ABN in Medical Billing: ABNs may be something you’ve heard about if you’re preparing to work in medical billing and coding. This article aims to explain what an ABN in Medical Billing is, what it means in medical billing, how it’s used, and what it includes.
What is an ABN in medical billing?
Advance Beneficiary Notices (ABNs) are issued by medical providers to Medicare beneficiaries so they know what services might not be covered. The Medicare program covers people 65 and older and certain younger people with disabilities. Approximately 25.4% of the United States adult population was enrolled in Medicare as of June 2023.
ABNs are governed by the Centers for Medicare and Medicaid Services (CMS). Medicare can only reimburse providers and suppliers for medically necessary procedures and equipment.
It’s used to let Medicare beneficiaries (the patients) know when Medicare will deny a claim when a patient requests or a provider recommends, a procedure that might be medically unnecessary. The patient has to pay the full cost of the care if Medicare denies the claim.
Role of ABN in Medical Billing
The ABN plays a big role in medical billing, so aspiring medical billers and coders should know what it is and how it works. In general, the ABN’s job is to make sure providers get paid for their services, even if they’re providing services for Medicare patients.
Health providers are typically paid by an insurance plan, like Medicare or private health insurance, and direct payments from patients. A physician’s office, surgery center, diagnostic center, or business that sells medical equipment must manage medical billing and coding accurately to get paid.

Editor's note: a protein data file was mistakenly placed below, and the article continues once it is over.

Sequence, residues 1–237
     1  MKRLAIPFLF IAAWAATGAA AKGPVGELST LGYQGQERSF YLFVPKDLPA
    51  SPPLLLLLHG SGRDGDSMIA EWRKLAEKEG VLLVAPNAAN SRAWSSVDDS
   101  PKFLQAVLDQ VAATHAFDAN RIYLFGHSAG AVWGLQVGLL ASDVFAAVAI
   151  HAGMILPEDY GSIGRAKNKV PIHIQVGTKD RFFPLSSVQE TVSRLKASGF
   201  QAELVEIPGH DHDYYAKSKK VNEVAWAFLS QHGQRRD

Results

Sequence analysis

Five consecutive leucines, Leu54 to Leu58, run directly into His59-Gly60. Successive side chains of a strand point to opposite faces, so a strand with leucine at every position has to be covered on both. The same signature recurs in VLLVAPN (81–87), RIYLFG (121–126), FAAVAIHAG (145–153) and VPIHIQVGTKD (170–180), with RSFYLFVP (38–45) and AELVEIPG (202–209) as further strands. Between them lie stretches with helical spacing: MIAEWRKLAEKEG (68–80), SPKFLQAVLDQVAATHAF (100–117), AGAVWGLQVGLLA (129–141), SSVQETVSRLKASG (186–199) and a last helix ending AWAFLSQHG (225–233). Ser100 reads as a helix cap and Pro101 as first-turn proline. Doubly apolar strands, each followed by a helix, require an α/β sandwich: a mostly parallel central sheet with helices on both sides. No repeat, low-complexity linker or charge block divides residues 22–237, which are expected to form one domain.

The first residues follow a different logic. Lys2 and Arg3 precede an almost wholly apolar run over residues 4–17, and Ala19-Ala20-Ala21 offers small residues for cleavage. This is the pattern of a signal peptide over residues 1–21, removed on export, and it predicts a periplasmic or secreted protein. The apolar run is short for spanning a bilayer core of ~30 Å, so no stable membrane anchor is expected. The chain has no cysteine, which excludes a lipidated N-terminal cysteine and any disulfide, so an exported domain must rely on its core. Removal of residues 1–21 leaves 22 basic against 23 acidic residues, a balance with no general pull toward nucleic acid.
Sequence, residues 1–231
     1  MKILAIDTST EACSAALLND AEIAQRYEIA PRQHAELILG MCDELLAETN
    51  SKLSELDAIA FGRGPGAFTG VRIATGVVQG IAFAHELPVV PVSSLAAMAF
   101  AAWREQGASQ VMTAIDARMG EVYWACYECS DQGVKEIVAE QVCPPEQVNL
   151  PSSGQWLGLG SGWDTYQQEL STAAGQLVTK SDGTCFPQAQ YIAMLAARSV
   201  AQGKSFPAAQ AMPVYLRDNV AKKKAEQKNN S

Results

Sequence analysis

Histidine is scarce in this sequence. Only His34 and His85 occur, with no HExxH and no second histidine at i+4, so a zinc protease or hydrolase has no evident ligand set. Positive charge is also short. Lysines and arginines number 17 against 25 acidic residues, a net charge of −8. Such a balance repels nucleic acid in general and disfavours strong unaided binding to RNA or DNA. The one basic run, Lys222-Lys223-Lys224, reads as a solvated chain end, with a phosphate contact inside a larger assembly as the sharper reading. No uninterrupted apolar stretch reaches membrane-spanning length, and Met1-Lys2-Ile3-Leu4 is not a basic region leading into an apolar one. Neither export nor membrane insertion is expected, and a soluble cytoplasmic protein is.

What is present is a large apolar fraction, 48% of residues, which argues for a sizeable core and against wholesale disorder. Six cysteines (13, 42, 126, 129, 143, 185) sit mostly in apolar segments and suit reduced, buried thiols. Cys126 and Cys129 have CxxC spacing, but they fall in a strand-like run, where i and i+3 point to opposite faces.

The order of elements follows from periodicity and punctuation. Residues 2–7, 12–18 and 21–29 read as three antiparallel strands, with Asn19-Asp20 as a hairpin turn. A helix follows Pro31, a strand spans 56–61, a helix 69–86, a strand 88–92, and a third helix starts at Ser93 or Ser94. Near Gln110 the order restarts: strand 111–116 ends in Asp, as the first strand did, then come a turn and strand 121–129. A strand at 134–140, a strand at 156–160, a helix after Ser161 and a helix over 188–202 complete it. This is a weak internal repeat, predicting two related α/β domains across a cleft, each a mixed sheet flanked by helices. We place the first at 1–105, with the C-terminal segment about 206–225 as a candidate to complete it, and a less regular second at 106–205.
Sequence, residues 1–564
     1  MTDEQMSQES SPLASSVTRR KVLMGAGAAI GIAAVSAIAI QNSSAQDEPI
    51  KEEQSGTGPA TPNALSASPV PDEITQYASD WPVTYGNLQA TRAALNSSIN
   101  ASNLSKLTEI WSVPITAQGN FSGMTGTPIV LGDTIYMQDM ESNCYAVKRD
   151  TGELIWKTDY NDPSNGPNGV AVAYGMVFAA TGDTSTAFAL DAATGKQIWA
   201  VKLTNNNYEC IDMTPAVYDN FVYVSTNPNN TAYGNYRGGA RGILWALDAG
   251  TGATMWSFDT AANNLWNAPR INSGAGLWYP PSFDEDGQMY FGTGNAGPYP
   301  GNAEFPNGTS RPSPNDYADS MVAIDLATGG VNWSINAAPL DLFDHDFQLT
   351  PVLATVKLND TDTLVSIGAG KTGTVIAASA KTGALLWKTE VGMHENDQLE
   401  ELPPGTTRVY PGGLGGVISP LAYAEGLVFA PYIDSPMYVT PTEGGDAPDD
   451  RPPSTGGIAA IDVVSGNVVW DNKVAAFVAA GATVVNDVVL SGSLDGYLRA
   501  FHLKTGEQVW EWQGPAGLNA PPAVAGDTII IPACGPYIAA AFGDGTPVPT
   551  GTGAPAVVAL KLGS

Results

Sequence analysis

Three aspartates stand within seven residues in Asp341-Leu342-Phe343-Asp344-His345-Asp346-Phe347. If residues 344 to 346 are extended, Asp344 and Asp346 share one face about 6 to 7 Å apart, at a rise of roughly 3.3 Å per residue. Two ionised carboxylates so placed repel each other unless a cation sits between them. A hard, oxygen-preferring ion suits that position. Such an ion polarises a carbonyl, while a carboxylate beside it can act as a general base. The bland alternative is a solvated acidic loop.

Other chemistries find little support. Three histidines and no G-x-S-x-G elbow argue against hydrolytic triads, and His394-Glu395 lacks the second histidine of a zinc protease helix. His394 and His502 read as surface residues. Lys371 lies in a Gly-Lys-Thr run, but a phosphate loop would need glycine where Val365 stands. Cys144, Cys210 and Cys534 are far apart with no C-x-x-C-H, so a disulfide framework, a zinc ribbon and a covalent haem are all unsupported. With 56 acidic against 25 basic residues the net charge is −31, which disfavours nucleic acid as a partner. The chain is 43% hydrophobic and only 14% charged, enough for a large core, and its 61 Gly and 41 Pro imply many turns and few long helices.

It’s important for medical billing specialists to know what Medicare considers non-coverage services. An ABN helps ensure that the patient will take responsibility if Medicare doesn’t pay.
Another important role of the ABN in medical billing is as a disclosure tool, making patients aware of the conditions to receive services under Original Medicare. Using an ABN that’s been properly filled out and signed by the patient, the healthcare provider explains to them the conditions that Medicare covers.
Medicare penalizes providers who routinely bill for medically unnecessary services, imposing stiff fines or even excluding them. As part of fraud and abuse compliance, ABSs can help, since they document the patient’s acknowledgment that medically unnecessary services may be provided – and the patient’s decision to have them done anyway – and help refute claims that were submitted with fraud.
Can you give me some examples of medically unnecessary services Medicare may determine?
If the diagnosis code doesn’t meet Medicare’s definition of medical necessity, get a complete blood count (CBC).
Screening flexible sigmoidoscopy (to check the rectum and lower colon) every four years or if you’re under 50.
Test to check for prostate cancer more often than once a year or if you’re under 50.
What is Included in an ABN?
There are strict guidelines for what services you can get an ABN for, what information you have to include on it, and how it’s used. It’s why medical billing and coding professionals or those in healthcare practice management need to be vigilant about ABNs.
Unless Medicare’s policies are followed, even if a patient signs an ABN, they could be deemed not responsible for payment and the provider wouldn’t get reimbursed.
The ABN in Medical Billing form needs to include the following information:
Full name of patient
Provider’s name, address, and phone number
Medicare doesn’t cover this service or item
There are some extra rules about how ABNs in Medical Billing are given to patients. The form can be one page or less, and it can’t be issued under duress or in an emergency. An ABN in Medical Billing can’t be presented to someone in the emergency room or a hospital if they’re having a serious and immediate medical event.